Alexandra Wilson Pecci, for HealthLeaders Media, September 18, 2012
A new program from the American Nurses Credentialing Center (ANCC) and the Emergency Nurses Association (ENA) will provide an alternative credentialing method for emergency nurse practitioners. It also opens the door for credentialing for other, more niche nursing specialties.
Typically, nurses take an exam to get specialty certifications. But this new program, which is scheduled to launch in late 2013, offers portfolio credentialing as alternative method for issuing board certification.
Ellen Swartwout, senior director of certification and measurement services at ANCC, told me that although it's a new methodology, it will "follow the same accreditation standard that one would follow to create an exam." For example, content experts in the subject area will recommend eligibility criteria, and portfolios will be subject to peer review.
The emergency nurse practitioner certification will require competencies over and above the NP role.
"It has to be at a level that's reflected at being an expert not just an entry level," Swartwout says. "This is really considered a specialty on top of that nurse practitioner role."
Portfolio requirements for the new emergency specialty would be around practice hours and continuing education. Requirements would also include an online application, resume, self evaluation, clinical narrative, and recommendations from supervisors.
"They would have to highlight throughout their portfolio their practice and professional accomplishments," Patsy Deyo, ANCC's product manager of certification programs, explained.
The portfolio credentialing program isn't simply exciting news for nurse practitioners who are exam-phobic, though. According to Swartwout and Deyo, it could open up brand new avenues for nurses in niche specialties to get board certifications.
Here's how Swartwout explained it: To give an exam, "you have to have a large enough pool of nurses to…make sure it's a reliable exam." But some specialties are so small that there really aren't enough people for that.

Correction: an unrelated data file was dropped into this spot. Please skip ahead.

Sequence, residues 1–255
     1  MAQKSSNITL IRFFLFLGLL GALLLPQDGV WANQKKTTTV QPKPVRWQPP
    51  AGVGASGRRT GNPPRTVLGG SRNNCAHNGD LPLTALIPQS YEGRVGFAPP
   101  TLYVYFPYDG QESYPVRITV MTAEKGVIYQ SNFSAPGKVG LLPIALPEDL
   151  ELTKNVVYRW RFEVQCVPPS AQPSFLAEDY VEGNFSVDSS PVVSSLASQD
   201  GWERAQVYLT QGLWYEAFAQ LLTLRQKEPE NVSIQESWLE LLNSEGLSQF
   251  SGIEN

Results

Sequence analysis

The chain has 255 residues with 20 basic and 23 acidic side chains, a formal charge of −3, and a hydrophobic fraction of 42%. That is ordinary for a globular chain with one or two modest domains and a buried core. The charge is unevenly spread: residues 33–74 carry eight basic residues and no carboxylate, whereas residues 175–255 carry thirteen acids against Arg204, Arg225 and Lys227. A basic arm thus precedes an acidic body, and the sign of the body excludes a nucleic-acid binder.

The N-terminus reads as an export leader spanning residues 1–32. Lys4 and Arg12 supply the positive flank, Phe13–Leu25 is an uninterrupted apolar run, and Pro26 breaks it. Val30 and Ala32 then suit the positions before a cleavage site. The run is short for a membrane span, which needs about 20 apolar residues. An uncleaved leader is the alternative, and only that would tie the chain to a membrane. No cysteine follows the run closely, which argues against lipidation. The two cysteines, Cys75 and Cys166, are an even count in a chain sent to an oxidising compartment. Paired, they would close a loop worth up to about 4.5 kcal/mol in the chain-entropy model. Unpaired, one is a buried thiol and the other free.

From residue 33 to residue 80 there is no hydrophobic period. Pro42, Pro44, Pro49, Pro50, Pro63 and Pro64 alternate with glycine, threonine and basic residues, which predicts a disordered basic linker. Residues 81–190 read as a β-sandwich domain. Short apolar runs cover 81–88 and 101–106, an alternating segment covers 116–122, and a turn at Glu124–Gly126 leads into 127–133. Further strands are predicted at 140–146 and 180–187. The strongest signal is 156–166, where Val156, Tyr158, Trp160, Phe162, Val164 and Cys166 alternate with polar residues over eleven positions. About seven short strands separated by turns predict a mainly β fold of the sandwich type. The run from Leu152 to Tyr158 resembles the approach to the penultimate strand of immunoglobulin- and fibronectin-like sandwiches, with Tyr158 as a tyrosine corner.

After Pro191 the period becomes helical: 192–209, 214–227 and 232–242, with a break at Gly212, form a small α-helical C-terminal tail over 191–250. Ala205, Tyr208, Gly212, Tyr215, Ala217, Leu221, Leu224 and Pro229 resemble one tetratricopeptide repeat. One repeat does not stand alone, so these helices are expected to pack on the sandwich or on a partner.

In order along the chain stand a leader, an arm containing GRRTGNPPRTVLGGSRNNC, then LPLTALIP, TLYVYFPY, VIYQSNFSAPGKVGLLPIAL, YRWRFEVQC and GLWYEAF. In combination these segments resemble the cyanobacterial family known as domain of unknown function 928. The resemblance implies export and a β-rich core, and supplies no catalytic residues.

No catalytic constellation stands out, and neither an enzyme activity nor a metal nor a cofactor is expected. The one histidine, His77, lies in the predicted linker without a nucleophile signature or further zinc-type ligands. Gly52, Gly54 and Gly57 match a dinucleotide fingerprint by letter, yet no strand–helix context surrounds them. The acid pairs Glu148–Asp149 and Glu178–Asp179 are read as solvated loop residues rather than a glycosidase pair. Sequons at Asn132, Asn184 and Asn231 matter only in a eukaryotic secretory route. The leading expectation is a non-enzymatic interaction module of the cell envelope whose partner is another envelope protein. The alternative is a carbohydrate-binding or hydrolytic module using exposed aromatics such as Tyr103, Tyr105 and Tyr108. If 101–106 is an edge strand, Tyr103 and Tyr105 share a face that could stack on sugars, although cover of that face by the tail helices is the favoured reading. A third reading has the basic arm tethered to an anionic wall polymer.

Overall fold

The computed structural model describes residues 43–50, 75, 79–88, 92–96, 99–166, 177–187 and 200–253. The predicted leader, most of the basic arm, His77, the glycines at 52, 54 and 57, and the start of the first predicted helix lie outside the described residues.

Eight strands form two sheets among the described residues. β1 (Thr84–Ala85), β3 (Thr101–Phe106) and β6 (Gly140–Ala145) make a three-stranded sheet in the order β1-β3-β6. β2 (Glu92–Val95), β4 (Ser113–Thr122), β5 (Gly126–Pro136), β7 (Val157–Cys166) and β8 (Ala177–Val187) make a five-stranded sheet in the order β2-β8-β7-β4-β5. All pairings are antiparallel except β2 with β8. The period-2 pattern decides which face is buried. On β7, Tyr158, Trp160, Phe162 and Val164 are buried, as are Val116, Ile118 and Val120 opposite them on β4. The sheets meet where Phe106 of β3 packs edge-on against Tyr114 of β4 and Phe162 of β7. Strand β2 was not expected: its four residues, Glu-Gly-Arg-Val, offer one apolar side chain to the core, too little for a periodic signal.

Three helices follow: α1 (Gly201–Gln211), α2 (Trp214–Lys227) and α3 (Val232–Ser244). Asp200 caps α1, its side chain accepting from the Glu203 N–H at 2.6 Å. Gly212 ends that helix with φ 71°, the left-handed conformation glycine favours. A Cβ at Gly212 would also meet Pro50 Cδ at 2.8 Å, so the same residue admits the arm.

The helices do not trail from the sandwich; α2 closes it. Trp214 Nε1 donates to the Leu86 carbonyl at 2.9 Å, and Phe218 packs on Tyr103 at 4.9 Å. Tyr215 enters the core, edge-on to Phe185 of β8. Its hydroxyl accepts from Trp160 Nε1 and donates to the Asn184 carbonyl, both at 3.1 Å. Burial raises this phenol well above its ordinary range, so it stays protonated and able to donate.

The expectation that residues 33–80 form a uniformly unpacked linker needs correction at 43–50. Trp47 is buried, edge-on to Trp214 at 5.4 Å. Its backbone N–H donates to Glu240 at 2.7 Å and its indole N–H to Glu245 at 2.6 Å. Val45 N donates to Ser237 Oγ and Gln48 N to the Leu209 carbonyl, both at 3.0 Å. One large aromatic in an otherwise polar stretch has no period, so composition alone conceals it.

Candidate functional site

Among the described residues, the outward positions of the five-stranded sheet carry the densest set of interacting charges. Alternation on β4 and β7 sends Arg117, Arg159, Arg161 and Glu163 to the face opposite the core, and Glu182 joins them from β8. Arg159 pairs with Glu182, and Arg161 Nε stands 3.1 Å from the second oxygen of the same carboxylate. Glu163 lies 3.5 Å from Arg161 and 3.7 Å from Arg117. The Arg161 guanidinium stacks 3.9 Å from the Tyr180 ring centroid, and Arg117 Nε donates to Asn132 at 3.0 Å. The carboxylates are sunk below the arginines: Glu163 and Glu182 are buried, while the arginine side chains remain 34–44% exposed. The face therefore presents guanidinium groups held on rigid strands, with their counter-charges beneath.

"There's a lot of specialization out there," she says. "If you didn't have enough people for an exam…there was really never another option."
Portfolio credentialing is an alternative, and it's just as rigorous. "That's really important to the credibility of the program," Swartwout says.
This will be a renewable credential, Deyo says. Emergency nurse practitioners would have the same type of requirements for continued practice hours and education for maintaining their certification.
Having a larger roster of certified nurse specialists isn't just good news for nurses; it's good for patients, too. I'm reminded of a study published earlier this year which found that critical care units with higher percentages of RNs holding national specialty certifications had lower rates of central line-associated blood stream infections (CLABSI) and catheter-associated urinary tract infections (CAUTI). Specifically, Critical Care Registered Nurse certification was associated with lower rates of CAUTI, and Cardiac Surgical Certification was associated with lower rates of CLABSI.
Swartwout says the new credentialing program is "something that the nursing community has really been asking for to acknowledge the specialization in any area of nursing." She says they hope to expand the program to other specialties.
"We would like to open up to others that may be interested in having that in their area," Swartwout says. But, she adds, "it has to be a recognized area…there'd be some criteria."
However the programs transpire, they will no doubt provide a chance for nurses whose expertise is advanced and very specialized to get recognized in an area where they might not have been able to do so before, and that, say Swartwout and Deyo, is exciting news.
"We think that this is something that the nursing discipline has needed for some time," Swartwout says. "We are very excited to be able to provide that credentialing piece."
Source: HealthLeaders Media